-- Wednesday, May 2: "The Dance" by Kim Euell  in Theatre B, directed by faculty member Tisch Jones. Hip-hop meets opera in "The Dance," as two young African-American artists wrestle with values and identity issues while pursuing their dreams and of course, each other. Euell is a Dean's Fellow in playwriting. Her play "The Diva Daughters DuPree" received its third production last fall in Seattle, where it was a Critic's Choice.

-- Friday, May 4: "WorkWeek" by Sarah Sander  in Mabie Theatre, directed by graduate student Rachel Edwards Harvith. "WorkWeek" is a dark, comic exploration of office life, where racism, misogyny and biases are as commonplace as burnt corporate coffee.

-- Saturday, May 5: "The Church of St. Pinky at Katy, Texas" by Melissa Leilani Larson in Thayer Theatre, directed by graduating senior Heather Bodie. A mail-order bride discovers she has the ability to heal in this dark comedy about the limits of faith, the gift of life and funeral potatoes. Larson's productions include "Hope Falls," "A Flickering" and the 2005 IRAM Best New Play, "An Experiment in Sainthood," which sold out its 2006 Brigham Young University mainstage run.

Tickets for all the evening productions -- $6 for the general public and $4 for UI students, senior citizens and youth -- will be on sale one hour before each of the performances. Tickets will also be on sale noon to 1:30 p.m. Monday through Friday of the festival at the Theatre Building box office.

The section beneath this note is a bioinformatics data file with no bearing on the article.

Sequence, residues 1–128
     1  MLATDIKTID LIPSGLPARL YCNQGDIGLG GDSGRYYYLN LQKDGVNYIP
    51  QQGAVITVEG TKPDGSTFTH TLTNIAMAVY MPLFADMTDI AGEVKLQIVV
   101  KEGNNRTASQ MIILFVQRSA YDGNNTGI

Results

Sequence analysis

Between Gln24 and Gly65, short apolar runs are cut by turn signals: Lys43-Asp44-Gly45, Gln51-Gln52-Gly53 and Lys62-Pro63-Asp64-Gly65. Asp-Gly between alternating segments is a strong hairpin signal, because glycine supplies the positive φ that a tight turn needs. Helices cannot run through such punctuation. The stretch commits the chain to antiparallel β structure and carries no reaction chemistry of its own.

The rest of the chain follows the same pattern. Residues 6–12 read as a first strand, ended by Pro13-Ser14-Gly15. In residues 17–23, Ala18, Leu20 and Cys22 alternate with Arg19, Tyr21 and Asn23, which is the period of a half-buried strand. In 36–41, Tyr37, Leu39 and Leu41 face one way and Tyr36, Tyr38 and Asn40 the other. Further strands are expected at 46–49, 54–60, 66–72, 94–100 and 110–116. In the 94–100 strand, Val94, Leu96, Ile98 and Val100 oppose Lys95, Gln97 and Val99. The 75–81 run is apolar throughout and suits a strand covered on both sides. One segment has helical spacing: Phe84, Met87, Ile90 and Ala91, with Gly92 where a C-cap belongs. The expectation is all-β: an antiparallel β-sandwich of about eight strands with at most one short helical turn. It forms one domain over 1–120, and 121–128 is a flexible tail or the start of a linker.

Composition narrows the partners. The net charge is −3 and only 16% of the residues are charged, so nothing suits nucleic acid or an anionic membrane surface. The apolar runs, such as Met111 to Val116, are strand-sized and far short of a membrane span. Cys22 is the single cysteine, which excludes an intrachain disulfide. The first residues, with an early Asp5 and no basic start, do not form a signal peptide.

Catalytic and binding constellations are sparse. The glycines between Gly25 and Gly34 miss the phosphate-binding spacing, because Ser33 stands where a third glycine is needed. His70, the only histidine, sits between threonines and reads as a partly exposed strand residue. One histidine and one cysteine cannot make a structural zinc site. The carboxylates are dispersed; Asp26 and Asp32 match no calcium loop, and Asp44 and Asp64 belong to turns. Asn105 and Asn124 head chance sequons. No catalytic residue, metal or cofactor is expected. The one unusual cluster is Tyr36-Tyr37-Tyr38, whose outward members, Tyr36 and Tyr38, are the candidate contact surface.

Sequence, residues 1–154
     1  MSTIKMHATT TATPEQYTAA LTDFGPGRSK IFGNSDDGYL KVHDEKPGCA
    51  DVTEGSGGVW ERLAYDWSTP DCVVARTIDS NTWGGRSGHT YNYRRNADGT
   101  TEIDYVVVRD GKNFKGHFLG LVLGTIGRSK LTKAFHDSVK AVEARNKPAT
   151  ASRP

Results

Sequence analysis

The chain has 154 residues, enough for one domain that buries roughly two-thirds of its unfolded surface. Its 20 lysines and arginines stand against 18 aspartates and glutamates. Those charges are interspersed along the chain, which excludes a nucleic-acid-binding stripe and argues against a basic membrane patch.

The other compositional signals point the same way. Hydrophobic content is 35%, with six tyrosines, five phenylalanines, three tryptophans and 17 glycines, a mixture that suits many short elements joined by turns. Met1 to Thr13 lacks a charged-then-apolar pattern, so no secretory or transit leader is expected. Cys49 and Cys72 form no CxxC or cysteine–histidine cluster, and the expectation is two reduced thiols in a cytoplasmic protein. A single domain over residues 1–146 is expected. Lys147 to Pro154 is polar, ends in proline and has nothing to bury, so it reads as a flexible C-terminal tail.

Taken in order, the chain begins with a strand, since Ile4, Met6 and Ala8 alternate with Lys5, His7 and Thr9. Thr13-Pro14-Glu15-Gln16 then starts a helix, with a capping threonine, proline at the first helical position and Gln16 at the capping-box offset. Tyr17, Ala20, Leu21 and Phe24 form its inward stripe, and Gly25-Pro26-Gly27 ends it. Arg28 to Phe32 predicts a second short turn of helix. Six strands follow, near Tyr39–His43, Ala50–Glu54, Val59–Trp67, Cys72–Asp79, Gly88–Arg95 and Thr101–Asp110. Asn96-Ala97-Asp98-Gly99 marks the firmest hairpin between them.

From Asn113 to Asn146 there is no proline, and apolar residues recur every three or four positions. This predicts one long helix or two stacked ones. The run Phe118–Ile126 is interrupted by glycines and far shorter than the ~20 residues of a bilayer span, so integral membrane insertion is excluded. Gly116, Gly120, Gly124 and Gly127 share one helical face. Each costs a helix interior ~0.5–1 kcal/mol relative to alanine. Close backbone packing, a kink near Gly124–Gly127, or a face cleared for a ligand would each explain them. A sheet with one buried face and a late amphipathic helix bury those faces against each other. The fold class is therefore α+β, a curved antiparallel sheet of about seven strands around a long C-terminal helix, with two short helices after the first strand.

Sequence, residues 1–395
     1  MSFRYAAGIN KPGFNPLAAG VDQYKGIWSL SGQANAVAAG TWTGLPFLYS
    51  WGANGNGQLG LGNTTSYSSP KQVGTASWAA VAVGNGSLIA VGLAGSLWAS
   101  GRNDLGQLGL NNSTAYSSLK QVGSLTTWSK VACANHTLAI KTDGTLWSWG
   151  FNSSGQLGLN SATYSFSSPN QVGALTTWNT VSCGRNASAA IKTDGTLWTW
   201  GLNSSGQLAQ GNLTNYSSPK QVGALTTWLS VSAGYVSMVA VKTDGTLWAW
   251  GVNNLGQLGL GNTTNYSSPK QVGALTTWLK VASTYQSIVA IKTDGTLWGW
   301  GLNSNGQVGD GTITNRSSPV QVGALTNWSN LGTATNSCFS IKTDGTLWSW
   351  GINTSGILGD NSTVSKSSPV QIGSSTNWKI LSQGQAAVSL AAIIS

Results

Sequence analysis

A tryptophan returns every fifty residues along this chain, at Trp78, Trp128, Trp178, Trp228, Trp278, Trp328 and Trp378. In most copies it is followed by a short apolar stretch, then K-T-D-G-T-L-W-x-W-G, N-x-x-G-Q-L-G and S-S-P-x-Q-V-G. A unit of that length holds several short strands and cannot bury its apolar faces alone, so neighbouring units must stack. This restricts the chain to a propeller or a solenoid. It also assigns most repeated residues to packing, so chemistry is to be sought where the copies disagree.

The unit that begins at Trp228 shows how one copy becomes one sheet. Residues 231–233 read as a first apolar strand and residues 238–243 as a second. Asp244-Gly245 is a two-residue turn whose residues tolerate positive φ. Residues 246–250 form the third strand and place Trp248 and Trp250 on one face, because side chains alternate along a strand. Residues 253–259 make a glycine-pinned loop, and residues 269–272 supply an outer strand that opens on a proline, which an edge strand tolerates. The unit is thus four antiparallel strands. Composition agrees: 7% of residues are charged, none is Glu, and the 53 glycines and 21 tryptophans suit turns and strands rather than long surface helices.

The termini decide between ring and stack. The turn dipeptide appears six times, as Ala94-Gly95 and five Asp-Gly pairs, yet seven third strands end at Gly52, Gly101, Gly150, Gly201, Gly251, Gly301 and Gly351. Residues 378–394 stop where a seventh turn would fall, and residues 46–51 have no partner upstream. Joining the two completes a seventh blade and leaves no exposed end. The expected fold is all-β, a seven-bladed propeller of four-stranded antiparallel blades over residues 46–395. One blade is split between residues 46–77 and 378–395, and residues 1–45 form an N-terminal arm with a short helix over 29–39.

All the daytime readings are free, and the public is invited to attend. The readings will take place in the Cosmo Catalano Acting Studio, Room 172 of the Theatre Building, unless otherwise noted:

-- Monday at 2 p.m., "BONNY Girls!" by Jennifer Fawcett.

-- Tuesday at 2 p.m.:  "Versus" by Austin Bunn

-- Wednesday at 2 p.m.: "This is Your Life" by Greg Machlin; and 5:30 p.m.: Selections from the Undergrad Playwrights Workshop.

-- Thursday at 2 p.m.: "Kiddush" by Joshua Casteel; and 5:30 p.m.: "The Books" by Michael Hayden  (Theatre B)

-- Friday at 2 p.m., "Thief Unseen" by Mary Hamilton.

-- Saturday at 2 p.m., "What We Must" by Morgan Sheehan-Bubla.

Each year the Iowa New Play Festival is attended by guest responders from the world of professional theater. This year there will be four guests: